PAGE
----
To reiterate, our goal with this work was not to identify more fraudulent activity, but instead to reduce the frequency of false positives — applicants screened out of our products because of the false prediction of likely fraud. And in short, it worked. Thanks to this project, we’ve seen a significant increase in the pool of applicants we are able to connect to products from our banking partners.

This approach is not without its challenges. Given our market, we know we must be extra vigilant in order to prevent new and hidden biases from emerging and unfairly screening out good applicants in new ways.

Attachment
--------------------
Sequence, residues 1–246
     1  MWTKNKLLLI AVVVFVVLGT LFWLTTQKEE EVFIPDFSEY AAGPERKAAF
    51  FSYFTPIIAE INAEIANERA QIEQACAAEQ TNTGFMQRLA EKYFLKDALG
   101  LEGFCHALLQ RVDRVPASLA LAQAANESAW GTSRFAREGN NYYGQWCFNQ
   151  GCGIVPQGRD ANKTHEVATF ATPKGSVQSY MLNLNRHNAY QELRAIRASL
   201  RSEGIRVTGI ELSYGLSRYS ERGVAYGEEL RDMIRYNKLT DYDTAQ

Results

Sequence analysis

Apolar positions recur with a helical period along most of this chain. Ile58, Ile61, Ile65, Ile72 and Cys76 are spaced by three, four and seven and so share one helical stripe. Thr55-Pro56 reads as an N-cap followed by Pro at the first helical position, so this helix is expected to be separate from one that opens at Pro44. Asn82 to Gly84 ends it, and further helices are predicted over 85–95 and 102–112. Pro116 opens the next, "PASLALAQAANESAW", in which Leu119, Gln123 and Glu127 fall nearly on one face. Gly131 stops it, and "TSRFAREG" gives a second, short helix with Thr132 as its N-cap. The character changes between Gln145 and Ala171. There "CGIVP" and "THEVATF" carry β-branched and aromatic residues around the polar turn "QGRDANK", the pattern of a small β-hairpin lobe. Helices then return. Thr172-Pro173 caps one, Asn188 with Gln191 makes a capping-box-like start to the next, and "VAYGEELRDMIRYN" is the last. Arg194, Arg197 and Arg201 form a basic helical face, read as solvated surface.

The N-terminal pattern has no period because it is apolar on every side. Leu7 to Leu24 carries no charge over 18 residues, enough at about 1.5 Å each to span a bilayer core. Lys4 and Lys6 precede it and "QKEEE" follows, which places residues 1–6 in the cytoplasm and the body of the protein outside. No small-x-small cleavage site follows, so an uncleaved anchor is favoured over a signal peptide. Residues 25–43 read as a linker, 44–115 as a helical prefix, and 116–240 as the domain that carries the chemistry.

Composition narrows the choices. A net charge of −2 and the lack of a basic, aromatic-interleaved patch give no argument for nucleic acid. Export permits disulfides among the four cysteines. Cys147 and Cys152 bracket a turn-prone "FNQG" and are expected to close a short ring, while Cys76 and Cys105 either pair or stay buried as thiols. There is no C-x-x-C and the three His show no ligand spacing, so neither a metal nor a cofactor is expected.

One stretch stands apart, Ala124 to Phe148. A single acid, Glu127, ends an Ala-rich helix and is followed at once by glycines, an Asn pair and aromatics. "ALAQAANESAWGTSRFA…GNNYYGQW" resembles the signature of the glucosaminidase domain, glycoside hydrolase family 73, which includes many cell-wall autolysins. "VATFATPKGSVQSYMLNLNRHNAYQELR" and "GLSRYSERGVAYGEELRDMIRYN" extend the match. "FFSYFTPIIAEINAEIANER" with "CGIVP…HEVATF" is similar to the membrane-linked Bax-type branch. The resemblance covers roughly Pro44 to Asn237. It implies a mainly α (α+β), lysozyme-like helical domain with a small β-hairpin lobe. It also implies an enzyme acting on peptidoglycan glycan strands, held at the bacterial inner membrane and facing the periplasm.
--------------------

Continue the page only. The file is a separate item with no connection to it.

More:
Avoiding the Downsides of Algorithm-Assisted Banking

For example, consider a farmer in the agricultural sector just ahead of an anticipated drought. In a traditional lending model, this farmer would see a decrease in income just as their risk, and therefore the price of capital, increases. The result: The farmer is more likely to default. Though this result would, in one sense, prove the predictive model right, it would also prevent the farmer from benefiting from financial access, right when this access could make the greatest difference in their life.

There is a better way to manage this situation. It would make more sense to drop the price of borrowing as soon as we identified a drought. The result would increase the likelihood of the farmer successfully managing repayments, which would decrease the risk of them defaulting. This example demonstrates just how dangerous algorithmic systems used by traditional financial institutions can be in people’s lives.